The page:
Some women typically experience migraines and headaches nearing their period. It’s strange, how menstrual cramps are often talked about, but headaches seem to affect a minority of people in your social circle. The somewhat relieving news is that this is a natural symptom of your shifting hormone levels – nope, it’s not the disorder that you were worrying about! Of all migraines that affect women, more than 50% can be attributed to menstrual-related migraines. Menstrual migraines have been so unique as a medical condition that they’ve got their own ICD-9 codes to differentiate themselves from normal migraines. (Simple English Wikipedia)
Causes of migraine and headaches
The main factor that triggers menstrual migraine is the drop in estrogen level just before your period, which leads to the contraction of your blood vessels. Many PMS symptoms are linked to this sudden drop of estrogen in week 4 of your cycle. A second theory is that migraines are triggered by the release of prostagladin (another hormone) during the first two days of menstruation. Menstrual migraines also become more common in older women who are approaching menopause, as well as those who take hormone control pills which induces estrogen production (hence more fluctuation).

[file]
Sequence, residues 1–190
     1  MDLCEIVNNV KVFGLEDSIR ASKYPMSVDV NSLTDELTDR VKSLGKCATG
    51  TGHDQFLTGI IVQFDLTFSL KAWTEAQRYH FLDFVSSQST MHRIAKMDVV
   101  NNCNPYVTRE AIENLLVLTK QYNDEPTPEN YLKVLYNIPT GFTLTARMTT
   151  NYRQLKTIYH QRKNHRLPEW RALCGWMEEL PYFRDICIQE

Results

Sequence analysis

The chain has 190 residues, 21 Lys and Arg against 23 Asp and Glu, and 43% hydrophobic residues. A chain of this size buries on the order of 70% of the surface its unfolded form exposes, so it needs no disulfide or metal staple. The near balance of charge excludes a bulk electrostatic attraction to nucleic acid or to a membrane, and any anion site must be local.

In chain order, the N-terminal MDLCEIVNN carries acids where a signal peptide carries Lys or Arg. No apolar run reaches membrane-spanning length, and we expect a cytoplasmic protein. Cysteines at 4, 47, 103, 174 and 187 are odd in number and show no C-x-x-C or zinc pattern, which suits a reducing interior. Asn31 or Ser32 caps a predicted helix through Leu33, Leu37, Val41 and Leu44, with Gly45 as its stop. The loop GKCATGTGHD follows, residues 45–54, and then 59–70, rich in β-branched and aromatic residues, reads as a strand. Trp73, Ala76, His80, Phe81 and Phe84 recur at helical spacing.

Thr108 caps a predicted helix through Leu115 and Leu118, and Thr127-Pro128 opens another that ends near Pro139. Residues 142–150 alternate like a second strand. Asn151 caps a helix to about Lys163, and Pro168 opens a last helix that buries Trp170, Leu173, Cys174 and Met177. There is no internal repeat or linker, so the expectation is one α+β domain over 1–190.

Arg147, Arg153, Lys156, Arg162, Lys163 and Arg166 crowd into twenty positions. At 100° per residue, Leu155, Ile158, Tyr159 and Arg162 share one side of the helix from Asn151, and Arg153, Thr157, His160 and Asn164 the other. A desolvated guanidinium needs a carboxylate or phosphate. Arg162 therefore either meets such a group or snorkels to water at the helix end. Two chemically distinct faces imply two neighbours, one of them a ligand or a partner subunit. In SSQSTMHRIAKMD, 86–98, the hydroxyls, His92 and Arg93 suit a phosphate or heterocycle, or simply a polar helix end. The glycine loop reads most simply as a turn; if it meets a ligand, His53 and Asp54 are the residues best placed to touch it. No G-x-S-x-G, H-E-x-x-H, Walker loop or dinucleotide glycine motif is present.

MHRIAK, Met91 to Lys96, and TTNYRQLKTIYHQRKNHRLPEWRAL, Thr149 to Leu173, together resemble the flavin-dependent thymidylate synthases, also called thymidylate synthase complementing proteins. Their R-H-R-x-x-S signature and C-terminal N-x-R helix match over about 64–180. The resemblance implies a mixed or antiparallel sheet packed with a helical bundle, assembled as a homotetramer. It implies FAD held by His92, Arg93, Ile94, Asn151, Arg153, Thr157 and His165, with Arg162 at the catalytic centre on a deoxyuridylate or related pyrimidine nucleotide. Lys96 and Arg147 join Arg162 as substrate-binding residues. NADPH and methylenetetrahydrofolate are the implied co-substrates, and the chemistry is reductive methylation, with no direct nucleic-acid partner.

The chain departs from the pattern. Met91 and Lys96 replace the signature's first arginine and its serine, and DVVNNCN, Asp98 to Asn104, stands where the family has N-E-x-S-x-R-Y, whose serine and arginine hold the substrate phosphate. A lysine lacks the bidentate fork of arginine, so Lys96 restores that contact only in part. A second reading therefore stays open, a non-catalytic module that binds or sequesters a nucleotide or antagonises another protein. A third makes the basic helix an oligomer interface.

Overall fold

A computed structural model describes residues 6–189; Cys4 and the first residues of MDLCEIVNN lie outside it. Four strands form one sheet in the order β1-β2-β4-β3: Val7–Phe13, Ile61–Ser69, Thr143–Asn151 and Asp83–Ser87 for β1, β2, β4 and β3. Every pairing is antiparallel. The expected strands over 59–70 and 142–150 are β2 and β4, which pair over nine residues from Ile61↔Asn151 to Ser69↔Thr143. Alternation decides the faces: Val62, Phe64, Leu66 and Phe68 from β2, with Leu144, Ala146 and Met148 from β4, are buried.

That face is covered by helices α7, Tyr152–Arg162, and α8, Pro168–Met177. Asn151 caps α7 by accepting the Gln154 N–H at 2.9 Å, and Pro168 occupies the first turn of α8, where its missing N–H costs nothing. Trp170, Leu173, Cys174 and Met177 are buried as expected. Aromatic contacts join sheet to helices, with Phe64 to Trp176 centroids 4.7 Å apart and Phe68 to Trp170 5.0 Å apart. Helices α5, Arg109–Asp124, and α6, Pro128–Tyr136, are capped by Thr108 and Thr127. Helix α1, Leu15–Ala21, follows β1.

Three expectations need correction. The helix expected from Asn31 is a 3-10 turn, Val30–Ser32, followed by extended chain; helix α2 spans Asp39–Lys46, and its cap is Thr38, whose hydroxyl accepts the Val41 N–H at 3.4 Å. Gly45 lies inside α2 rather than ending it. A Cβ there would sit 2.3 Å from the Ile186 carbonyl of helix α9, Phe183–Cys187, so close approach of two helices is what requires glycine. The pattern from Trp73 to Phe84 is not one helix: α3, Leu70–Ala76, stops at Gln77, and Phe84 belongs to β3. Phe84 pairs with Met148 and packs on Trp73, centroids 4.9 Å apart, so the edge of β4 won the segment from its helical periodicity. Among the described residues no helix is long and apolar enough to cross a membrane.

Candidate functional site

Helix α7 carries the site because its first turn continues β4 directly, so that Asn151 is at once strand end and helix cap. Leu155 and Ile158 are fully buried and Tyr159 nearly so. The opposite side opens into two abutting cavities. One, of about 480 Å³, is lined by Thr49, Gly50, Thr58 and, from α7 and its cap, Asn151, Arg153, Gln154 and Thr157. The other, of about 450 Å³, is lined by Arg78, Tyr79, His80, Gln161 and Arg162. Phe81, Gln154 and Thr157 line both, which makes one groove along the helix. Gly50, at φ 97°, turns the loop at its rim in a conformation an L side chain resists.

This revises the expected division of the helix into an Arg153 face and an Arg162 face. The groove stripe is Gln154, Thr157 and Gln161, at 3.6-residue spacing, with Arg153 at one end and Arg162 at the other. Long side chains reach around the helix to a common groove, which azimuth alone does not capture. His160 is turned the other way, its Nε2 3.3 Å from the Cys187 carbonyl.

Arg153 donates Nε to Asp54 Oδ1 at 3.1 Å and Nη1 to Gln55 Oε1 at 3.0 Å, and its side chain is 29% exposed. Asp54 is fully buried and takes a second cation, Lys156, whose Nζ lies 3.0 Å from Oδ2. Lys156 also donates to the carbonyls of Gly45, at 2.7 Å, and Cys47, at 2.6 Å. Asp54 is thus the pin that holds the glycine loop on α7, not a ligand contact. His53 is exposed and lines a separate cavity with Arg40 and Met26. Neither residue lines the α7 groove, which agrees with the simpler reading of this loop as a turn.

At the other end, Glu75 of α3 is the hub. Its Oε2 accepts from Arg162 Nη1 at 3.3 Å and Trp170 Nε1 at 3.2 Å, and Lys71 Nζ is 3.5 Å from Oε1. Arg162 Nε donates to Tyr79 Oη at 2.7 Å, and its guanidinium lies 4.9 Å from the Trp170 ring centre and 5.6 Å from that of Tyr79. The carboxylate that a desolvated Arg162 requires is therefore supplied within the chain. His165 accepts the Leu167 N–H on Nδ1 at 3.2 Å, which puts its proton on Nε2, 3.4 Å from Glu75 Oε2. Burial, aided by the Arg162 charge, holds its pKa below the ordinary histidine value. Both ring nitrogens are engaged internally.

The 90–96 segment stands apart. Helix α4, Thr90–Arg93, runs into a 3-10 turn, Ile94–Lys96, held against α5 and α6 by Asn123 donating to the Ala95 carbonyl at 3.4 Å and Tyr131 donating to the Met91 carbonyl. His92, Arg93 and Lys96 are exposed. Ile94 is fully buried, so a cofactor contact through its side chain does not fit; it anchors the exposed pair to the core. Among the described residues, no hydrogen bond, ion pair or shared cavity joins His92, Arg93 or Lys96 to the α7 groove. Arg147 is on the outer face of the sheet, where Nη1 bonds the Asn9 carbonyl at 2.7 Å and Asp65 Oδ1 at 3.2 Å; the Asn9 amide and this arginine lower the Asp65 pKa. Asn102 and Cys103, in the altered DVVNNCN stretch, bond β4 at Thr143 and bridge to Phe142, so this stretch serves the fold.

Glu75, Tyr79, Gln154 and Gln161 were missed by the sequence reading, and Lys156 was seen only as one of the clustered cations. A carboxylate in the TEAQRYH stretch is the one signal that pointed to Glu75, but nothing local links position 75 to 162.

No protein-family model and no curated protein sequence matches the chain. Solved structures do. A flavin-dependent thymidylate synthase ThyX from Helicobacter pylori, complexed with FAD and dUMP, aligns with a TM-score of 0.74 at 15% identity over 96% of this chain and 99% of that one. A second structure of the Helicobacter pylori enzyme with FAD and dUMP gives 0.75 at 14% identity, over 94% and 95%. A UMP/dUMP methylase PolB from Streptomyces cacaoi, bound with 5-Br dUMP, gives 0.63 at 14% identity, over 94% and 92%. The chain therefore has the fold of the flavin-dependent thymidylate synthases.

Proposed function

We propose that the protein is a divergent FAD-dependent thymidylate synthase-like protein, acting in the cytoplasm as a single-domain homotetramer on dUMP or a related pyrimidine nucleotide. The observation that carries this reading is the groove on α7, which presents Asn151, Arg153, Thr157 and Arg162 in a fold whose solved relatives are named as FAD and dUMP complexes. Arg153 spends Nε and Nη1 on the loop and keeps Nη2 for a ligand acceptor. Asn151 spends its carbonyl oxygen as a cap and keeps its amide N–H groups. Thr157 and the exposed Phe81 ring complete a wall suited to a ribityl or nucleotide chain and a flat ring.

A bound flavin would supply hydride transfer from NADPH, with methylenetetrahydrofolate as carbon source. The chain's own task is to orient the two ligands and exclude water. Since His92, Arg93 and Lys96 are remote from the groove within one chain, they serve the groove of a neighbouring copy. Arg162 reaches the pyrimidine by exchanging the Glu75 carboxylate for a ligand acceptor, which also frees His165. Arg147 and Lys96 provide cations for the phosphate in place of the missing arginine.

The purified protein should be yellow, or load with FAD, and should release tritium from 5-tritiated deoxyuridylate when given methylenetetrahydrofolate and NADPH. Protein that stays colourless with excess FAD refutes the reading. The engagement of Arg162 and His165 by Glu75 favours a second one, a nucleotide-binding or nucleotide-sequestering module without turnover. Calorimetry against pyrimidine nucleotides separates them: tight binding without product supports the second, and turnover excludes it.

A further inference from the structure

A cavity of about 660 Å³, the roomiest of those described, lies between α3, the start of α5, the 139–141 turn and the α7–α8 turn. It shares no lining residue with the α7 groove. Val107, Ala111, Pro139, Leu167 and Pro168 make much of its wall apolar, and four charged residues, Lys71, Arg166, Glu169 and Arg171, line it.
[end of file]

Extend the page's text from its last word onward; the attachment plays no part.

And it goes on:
Easy tips to relieve migraines and headaches
1. Keep a migraine or headache diary
The best thing you can do is to keep a migraine/headache diary for at least three months. Tracking when your period starts and when your migraines happen will help you understand if your migraines and your period are correlated. In addition to those fields, you should also try to identify if there were any triggers for your migraine that you were exposed to. (Examples of triggers)
2. Take natural remedies
Non-drug migraine remedies include acupuncture, acupressure, massages, regular exercise, good sleep habits, chiropractic help, diet changes, and herbal remedies.
Typical migraine diets exclude fermented food (say bye to cheese, and wine! Alas.) and salty food which is pretty hard if you always eat out. But there are always some things that you can avoid while ordering from the hawker centre downstairs – like sausages, pickled vegetables, and salted fish!
Another diet tip is to eat small meals throughout the day, or eat low GI (i.e. slow glucose release foods) foods to maintain a steady blood glucose level.
3. Supplements for migraines
Supplements and pharmaceutical drugs can help, like magnesium, vitamin B2 (Riboflavin), and coenzyme Q-10. Some drugs used for menstrual migraines belong to a category of non-steroidal anti-inflammatory drugs (NSAIDs). They are basically anti-inflammatory painkillers. Whatever the drug, do seek guidance from your doctor.
What remedies will you use? Comment below!